The Oklahoma House of Representatives questioned funding the state’s space development authority, but ultimately passed the funding bill.
Whether it was politics or genuine concern, Oklahoma’s space authority was nearly aborted by the Legislature. A bill to fund the agency which operates the Oklahoma Spaceport had to be voted on twice before gaining passage. Some members of the House of Representatives said they are still upset about the departure of the company the spaceport was intended to use.
Back in 2003, the state granted an $18 million tax credit to Rocketplane Global for the sole purpose of building a space tourism business in Oklahoma. But six years after millions were handed over, Rocketplane folded its operation and bolted from the Oklahoma soil. No ship ever launched. Since its departure, several politicians have lamented on the taxpayer-funded Rocketplane. That discourse continued last week as the state Legislature opened up its 2010 session.
The disruption came over a routine matter. At the beginning of each session, Legislative leaders push through dozens of budget appropriation shell bills. These measures provide the vehicle to fund each state agency, yet have no dollar amounts in them. As Rep. Ken Miller, R-Edmond, explained during debate, the bills are simply meant to move the budgeting process forward so that when funding figures are agreed on, the bills will be in place to fund the agencies.
“This is a shell bill so that we can get these bills over there (to the Senate) in time,” Miller said. “The funding comes in the GA (General Appropriation) bill.”
But for several of Miller’s colleagues, this was a time to air their dismay over the whole space business operation in Oklahoma. House Bill 2430 is the appropriation bill for the Oklahoma Space Industry Development Authority. The small agency operates the Oklahoma Spaceport in Burns Flat, about 100 miles due west of Oklahoma City. Created out of the former Clinton-Sherman Air Force base, the spaceport was originally developed for the sole purpose of launching the Rocketplane space tourism business. The state spent millions of dollars refur-bishing the base and its two-mile-long runway.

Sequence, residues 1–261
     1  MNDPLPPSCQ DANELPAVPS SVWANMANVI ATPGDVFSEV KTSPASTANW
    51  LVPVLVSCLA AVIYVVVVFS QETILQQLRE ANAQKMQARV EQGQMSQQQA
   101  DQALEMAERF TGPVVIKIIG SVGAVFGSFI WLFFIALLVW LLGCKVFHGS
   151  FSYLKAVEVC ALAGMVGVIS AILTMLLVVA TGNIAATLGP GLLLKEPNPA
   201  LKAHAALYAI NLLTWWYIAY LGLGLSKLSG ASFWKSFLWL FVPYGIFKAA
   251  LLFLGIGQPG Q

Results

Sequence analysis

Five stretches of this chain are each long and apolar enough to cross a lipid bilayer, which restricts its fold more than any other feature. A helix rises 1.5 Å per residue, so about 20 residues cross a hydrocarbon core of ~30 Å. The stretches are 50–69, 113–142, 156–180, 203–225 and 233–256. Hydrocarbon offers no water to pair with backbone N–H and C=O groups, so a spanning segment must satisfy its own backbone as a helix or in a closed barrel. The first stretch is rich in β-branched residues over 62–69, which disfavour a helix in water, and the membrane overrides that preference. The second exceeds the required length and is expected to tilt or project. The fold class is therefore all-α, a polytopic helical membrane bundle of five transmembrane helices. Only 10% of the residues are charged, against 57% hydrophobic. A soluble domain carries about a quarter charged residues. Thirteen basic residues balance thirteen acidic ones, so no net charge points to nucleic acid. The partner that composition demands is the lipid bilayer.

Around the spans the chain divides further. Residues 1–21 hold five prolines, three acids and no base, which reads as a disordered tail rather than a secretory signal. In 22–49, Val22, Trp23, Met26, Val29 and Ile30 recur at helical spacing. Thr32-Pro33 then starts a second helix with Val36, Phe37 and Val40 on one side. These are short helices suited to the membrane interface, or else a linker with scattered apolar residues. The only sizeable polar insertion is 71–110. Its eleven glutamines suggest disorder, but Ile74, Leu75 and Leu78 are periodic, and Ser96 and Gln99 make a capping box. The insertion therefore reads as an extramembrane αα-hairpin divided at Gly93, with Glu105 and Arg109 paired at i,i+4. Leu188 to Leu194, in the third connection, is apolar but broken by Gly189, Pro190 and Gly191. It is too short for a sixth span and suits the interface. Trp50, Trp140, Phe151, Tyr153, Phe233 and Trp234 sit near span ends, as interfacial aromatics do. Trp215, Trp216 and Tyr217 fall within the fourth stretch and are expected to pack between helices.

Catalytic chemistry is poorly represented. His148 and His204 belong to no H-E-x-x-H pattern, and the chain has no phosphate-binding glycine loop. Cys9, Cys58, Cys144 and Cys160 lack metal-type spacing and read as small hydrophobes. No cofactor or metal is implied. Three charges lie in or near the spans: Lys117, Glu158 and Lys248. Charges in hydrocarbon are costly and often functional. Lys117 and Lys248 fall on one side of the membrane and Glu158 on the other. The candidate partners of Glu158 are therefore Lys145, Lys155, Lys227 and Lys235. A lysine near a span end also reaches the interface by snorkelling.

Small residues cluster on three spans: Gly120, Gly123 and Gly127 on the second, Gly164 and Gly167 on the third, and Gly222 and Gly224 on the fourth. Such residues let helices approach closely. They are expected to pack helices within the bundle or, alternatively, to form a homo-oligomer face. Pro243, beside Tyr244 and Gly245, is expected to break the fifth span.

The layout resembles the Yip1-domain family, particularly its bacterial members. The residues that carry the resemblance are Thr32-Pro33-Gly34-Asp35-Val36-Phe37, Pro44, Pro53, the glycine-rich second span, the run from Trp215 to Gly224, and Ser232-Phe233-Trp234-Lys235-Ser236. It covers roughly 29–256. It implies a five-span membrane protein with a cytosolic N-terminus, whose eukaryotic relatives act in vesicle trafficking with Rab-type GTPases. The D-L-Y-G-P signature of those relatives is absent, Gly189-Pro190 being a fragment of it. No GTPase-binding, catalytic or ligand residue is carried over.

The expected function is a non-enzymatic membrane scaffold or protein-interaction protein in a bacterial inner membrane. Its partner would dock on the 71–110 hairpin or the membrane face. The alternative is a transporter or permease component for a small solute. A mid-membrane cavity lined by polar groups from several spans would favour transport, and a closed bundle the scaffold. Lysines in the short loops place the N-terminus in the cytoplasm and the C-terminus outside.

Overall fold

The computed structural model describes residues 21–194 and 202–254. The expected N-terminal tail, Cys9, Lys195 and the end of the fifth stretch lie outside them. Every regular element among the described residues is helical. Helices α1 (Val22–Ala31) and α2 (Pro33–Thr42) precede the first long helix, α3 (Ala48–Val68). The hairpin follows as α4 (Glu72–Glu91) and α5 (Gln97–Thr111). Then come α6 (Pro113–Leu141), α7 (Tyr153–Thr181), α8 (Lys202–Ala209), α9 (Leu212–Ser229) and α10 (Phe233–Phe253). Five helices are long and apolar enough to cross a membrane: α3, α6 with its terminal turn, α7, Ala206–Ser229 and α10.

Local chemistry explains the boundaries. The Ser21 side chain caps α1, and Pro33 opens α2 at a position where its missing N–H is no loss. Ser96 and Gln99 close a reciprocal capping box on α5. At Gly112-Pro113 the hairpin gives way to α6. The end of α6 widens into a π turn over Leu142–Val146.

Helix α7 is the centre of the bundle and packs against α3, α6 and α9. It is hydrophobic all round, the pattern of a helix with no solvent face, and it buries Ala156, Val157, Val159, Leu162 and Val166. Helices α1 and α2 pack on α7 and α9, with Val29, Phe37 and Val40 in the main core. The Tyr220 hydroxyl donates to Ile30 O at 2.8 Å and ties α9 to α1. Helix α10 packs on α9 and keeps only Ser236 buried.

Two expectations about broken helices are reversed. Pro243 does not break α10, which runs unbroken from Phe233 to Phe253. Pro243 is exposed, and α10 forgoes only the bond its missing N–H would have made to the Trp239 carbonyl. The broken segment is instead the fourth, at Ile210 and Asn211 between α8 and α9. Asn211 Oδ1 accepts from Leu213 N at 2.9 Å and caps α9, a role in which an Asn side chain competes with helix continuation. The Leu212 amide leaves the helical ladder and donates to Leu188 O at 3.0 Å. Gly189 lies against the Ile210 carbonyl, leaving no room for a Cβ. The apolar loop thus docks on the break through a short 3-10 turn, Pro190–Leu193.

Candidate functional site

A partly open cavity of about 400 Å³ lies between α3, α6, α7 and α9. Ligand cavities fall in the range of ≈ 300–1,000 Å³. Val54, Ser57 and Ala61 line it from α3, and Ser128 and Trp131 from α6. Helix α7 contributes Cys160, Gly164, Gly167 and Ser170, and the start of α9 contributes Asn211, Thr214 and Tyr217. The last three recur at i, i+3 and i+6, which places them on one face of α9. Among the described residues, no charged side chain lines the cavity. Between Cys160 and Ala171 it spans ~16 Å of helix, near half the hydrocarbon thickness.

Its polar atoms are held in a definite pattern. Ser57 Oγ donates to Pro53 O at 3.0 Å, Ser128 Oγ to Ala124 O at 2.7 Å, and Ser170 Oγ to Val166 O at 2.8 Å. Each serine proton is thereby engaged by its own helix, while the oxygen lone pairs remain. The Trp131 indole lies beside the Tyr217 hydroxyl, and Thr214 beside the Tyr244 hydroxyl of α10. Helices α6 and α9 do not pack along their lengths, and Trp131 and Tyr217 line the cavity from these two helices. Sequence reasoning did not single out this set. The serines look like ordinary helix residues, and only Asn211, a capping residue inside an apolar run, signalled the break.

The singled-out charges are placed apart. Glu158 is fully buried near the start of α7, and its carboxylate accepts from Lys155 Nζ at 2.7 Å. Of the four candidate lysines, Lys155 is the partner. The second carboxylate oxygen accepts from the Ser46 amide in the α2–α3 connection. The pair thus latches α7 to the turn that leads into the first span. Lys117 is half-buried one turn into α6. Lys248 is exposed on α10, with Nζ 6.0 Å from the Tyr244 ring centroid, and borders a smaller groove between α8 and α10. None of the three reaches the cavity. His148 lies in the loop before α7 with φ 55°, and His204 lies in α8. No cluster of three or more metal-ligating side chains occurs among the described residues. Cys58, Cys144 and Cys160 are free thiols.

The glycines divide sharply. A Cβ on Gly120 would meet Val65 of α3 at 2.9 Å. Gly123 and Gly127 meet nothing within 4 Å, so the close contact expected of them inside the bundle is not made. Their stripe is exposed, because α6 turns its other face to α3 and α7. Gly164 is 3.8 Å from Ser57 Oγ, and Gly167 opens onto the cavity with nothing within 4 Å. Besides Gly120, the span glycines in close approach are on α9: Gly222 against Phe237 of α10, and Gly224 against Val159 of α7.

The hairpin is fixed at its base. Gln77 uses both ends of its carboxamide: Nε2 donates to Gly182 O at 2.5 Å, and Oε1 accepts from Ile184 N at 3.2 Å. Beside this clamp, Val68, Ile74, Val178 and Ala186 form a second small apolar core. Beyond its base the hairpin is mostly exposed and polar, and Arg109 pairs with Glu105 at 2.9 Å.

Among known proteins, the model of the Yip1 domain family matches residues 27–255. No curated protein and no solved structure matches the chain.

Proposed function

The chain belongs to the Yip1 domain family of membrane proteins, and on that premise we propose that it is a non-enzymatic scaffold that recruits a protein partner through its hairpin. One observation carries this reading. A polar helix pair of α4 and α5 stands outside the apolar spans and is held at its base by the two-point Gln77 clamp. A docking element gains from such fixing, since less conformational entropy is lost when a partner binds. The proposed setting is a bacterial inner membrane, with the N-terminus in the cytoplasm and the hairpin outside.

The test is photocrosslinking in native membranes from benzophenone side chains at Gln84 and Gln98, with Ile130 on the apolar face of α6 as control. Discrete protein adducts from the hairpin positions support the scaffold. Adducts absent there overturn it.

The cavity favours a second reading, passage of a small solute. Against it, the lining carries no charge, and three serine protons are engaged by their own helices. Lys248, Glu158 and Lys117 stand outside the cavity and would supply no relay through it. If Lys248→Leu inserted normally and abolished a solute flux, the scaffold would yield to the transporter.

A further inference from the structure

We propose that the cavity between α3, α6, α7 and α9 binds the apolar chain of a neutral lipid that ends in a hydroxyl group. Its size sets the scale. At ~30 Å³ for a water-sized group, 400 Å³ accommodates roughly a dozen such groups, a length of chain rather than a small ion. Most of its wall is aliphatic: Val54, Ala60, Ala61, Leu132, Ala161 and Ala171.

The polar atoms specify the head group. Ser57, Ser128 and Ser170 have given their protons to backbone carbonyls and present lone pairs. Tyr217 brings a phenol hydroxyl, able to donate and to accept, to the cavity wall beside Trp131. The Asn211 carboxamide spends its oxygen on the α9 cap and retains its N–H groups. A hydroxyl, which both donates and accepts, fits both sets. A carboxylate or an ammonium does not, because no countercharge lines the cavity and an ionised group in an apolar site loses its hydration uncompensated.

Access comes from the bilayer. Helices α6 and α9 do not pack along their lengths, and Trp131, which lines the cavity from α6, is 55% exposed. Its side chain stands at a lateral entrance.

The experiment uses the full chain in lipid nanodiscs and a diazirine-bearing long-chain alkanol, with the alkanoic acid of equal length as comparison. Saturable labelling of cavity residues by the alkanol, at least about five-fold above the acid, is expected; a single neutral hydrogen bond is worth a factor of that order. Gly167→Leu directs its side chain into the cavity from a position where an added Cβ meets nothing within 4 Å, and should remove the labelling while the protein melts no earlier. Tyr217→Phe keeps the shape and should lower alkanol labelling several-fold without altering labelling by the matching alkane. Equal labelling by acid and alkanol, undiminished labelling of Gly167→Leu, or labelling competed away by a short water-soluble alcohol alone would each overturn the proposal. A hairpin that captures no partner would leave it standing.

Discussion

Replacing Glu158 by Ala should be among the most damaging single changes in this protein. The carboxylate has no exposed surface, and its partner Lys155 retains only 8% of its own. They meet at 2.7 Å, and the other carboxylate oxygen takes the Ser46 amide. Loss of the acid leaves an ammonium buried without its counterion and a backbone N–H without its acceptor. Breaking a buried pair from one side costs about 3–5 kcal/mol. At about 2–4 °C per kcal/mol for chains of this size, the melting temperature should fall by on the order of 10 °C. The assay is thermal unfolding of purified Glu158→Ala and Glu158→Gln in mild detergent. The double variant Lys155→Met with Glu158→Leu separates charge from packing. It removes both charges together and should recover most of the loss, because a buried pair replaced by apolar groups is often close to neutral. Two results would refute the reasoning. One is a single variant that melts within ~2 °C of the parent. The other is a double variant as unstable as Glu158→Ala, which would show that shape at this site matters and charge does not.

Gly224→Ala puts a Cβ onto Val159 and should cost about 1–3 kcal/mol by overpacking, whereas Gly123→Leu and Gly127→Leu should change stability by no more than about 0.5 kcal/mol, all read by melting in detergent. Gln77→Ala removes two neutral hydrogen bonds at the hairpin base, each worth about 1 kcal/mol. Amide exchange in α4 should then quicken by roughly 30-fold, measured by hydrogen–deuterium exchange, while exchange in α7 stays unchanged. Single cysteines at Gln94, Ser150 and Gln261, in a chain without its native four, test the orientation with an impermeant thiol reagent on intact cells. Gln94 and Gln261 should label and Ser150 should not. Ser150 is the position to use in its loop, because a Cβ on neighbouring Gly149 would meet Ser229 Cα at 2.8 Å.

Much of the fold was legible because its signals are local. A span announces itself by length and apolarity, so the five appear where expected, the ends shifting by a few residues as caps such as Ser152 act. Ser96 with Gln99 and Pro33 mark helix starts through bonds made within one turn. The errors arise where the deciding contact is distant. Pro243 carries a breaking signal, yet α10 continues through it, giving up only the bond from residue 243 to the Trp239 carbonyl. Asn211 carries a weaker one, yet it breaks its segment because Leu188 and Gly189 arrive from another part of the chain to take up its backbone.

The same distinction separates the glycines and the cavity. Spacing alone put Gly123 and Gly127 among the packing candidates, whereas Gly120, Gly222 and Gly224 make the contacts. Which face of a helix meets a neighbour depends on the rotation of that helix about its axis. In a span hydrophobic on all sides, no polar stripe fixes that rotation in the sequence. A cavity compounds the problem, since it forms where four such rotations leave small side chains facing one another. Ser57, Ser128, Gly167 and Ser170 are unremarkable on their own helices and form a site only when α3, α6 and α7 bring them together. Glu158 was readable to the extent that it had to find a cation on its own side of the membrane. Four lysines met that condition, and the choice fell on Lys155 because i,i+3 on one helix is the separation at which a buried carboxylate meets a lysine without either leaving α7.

But with the departure of Rocketplane, the spaceport has had to move on to other forms of business to stay active. And while OSIDA has brought in other ventures, such as aircraft maintenance, the big dollars expected from the development have yet to appear.
“I don’t think it’s a good idea to spend tax dollars on something that has been a failure now for 10 years,” said Rep. Mike Reynolds, R-Oklahoma City.
The conservative lawmaker was not alone in his criticism of OSIDA. When the bill was first brought up in the state House Feb. 3, a bipartisan group of Republicans and Democrats defeated it, 51-45. Most of the Republicans voted “no” because they don’t want the agency funded. The Democrats tended to vote negative as a protest against the behind-the-scene budget negotiations.
This sent the House leadership into panic mode, causing a second vote to take place a day later. The move worked, and the bill passed 68-27, with several Republicans switching their vote. But the debate over the bill brought out some of the inner feelings House members feel about each other, the process and the agency.
“There might be times when going through the situation we are going through together this session, might make one lose their patience. Friends, I’m there,” Miller said.
“Passing or not passing,” he continued, “this bill will not dissolve OSIDA, it will just throw a kink in the process. If you want to dissolve OSIDA, run a bill to take it out of statute. I hope my friends in this chamber will give me some latitude this session because I’m not going to be as charming as I usually think I am.”
Newly elected member Rep. Todd Russ, R-Cordell, whose district includes Burns Flat, emphatically proclaimed that OSIDA never received any state tax credits and should not be held responsible for Rocketplane’s failures. But Reynolds was not persuaded by Russ’ argument.
“I’m not saying OSIDA got the money,” Reynolds said. “I’m saying if OSIDA wasn’t there; we wouldn’t have given the $18 million we shouldn’t have given away in the first place.”
OSIDA received about $500,000 this fiscal year from the Legislature and is expected to take a cut for next fiscal year. Russ said things are improving at the spaceport and the potential for job opportunity is still great. Rep. Guy Liebman, R-Oklahoma City, even advised some of the members of the potential job opportunities.
“There is a golf course out there that when one of you term out you could operate,” he said. The Oklahoma Spaceport offers an on-site golf course. “Scott Cooper | Photo by Mark Hancock